You write novels as well as short fiction. What are the different challenges you face when crafting these alternative forms?
I think of a short story as a sprint and a novel more like a marathon. Or to use another analogy, when you’re embarking on a novel, it is a bit like boarding a ship that’s bound for another continent. You have to be prepared to be there for a long time. You know there will be hardships and challenges, as well as adventures and excitement. You have to have faith that you’ll get there in the end. Some short stories come to you fully formed. Others start with a single line and you go from there. With a longer work, I don’t like to plan too much. I’m not one of these writers who outlines everything on a pin-board and knows exactly what they’re going to be writing in each single chapter. What would be the fun in that? I will have a vague idea of where the book is going – especially if I’m writing historical fiction and I’m trying to stay faithful to the facts – but on the whole I like to start off not knowing too much about what’s ahead. That way, the story and the characters can grow through the story. Writing a short story or a novel should feel like an adventure not a chore.
Your debut novel, My Beautiful Imperial, was based on the experiences of your great-great uncle who inadvertently became involved in the Chilean civil War of 1891. It must have been fascinating to dig deep into your family history? Was his story something you had been wanting to write about and explore for some time, or did you learn about it more recently?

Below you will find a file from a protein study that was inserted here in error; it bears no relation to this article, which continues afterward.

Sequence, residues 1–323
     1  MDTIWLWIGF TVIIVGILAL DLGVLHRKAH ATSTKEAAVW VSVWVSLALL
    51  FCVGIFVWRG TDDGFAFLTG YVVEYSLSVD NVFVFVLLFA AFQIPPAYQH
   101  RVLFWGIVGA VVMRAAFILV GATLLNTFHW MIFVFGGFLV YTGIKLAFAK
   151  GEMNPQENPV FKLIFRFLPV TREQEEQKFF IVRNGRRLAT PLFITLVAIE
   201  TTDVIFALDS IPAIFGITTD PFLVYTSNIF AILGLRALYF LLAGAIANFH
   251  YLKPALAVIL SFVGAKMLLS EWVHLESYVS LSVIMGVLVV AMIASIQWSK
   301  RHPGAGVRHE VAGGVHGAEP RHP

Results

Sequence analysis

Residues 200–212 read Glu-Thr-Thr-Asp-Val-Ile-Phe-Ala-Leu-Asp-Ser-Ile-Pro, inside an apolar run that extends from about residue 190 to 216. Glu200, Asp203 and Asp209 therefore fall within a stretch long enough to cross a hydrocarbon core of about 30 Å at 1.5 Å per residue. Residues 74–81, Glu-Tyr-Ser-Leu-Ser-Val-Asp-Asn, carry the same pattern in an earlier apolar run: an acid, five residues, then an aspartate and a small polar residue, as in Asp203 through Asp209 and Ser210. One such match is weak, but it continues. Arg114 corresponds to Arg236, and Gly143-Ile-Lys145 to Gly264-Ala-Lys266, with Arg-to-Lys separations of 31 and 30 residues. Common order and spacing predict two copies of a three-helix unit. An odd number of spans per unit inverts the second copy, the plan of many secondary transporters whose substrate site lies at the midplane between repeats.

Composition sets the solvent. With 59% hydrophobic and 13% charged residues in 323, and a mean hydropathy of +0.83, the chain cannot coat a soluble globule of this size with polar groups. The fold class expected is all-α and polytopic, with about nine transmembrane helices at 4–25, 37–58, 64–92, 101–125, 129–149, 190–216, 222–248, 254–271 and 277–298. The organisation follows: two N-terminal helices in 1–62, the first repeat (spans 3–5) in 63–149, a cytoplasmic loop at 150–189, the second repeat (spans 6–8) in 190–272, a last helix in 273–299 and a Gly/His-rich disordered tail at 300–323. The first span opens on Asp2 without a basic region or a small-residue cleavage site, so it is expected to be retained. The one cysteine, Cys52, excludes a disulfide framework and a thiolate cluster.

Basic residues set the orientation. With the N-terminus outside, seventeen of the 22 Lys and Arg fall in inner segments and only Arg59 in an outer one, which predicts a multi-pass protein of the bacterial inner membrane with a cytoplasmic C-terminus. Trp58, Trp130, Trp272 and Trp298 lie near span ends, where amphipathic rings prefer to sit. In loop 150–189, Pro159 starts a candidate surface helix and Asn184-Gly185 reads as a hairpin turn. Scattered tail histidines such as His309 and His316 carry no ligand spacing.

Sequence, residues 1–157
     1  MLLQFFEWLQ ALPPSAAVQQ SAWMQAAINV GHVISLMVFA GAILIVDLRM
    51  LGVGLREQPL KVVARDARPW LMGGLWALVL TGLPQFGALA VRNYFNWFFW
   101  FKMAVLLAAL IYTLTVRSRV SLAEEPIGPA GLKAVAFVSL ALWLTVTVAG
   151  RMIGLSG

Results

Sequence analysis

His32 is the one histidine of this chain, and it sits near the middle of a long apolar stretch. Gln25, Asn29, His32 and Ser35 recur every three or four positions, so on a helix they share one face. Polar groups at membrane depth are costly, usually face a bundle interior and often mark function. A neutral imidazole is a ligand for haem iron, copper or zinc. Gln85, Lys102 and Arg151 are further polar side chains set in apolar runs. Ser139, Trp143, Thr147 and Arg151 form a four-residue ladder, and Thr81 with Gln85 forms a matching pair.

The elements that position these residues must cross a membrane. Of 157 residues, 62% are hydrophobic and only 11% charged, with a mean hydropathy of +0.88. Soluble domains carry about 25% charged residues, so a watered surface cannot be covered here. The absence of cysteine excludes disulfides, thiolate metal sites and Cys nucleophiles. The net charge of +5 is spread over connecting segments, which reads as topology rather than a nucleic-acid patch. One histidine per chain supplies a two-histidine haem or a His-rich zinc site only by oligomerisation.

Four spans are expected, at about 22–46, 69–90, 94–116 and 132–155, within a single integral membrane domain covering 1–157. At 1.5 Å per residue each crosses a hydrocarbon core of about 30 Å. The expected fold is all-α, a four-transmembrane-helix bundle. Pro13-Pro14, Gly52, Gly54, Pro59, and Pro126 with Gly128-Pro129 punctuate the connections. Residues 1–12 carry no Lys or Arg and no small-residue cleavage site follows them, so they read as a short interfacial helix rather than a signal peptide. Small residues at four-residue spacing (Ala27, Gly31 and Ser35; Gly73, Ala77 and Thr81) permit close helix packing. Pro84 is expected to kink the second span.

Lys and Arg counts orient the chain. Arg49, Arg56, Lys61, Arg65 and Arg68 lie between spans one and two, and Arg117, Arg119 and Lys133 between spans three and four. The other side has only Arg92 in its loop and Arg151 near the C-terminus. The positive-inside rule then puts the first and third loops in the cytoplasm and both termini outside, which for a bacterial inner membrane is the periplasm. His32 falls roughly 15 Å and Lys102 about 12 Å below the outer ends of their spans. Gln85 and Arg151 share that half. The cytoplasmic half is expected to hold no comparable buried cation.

I spent over twenty years researching the story of the steamship Imperial and my great-great uncle’s involvement in the Chilean civil war. At the time, I was working full-time so there was no possibility of writing a novel. And in any case, the research was something I was doing for my own interest. Gradually, it became clear to me that the whole story would be completely forgotten if no one wrote about it. At around 4am on 11 April 2011 I scribbled the date on the top of a school exercise book and began writing, thinking that I wouldn’t stop until I’d told the whole story. It took me three years of writing in my spare time but now it’s there for everyone to read.
Your publishers, Victorina Press, believe very strongly in the principles of bibliodiversity. What does this mean to you personally and was it a factor in your decision to submit your work to them?
I’d never heard of the principle of bibliodiversity before I met the founder of Victorina Press, Consuelo Rivera-Fuentes, but it means a great deal to me. When you start writing, people are desperate to put you into a particular box or category. I was a woman, writing about a man who had taken part in a civil war on the other side of the world. I was also Welsh, but writing in English. Neither I, nor my work, seemed to fit into any convenient box. Consuelo was prepared to look beyond these things and to read my work on its own merits. I was so pleased that My Beautiful Imperial was recommended by the Walter Scott Prize Academy soon after it was published because it was the best way to repay Consuelo’s faith in my story. I love the fact that Victorina Press is publishing books by such a diverse and ever-expanding group of voices.
What can we hope to see from you next? More short stories, a new novel, or something else?
This autumn, I really want to get my teeth into another longer piece of work. I’m researching a few different ideas at the moment. There’s nothing like the feeling of being immersed to the point where the work and the characters sometimes feel more real than what’s around you, day to day. But we’ll see. The short stories have way of butting in when you least expect them!
Thank you for talking to me today, Rhiannon. Good luck with I Am the Mask Maker – I hope it flies off the shelves!
You can pre-order I Am the Mask Maker here.